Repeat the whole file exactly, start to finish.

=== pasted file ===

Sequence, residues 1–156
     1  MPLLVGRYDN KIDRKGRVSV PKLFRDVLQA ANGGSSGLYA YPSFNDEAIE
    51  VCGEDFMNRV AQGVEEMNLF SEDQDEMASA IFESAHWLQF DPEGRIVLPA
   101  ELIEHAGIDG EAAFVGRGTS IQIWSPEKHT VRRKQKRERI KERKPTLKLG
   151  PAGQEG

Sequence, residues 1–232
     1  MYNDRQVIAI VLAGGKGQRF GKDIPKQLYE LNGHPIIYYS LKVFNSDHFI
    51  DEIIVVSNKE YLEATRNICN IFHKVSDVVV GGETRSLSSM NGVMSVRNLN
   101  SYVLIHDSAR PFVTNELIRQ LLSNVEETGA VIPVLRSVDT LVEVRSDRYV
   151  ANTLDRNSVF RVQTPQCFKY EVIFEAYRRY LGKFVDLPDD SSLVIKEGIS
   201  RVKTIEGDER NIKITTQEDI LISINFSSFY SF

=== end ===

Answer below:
Sequence, residues 1–156
     1  MPLLVGRYDN KIDRKGRVSV PKLFRDVLQA ANGGSSGLYA YPSFNDEAIE
    51  VCGEDFMNRV AQGVEEMNLF SEDQDEMASA IFESAHWLQF DPEGRIVLPA
   101  ELIEHAGIDG EAAFVGRGTS IQIWSPEKHT VRRKQKRERI KERKPTLKLG
   151  PAGQEG

Sequence, residues 1–232
     1  MYNDRQVIAI VLAGGKGQRF GKDIPKQLYE LNGHPIIYYS LKVFNSDHFI
    51  DEIIVVSNKE YLEATRNICN IFHKVSDVVV GGETRSLSSM NGVMSVRNLN
   101  SYVLIHDSAR PFVTNELIRQ LLSNVEETGA VIPVLRSVDT LVEVRSDRYV
   151  ANTLDRNSVF RVQTPQCFKY EVIFEAYRRY LGKFVDLPDD SSLVIKEGIS
   201  RVKTIEGDER NIKITTQEDI LISINFSSFY SF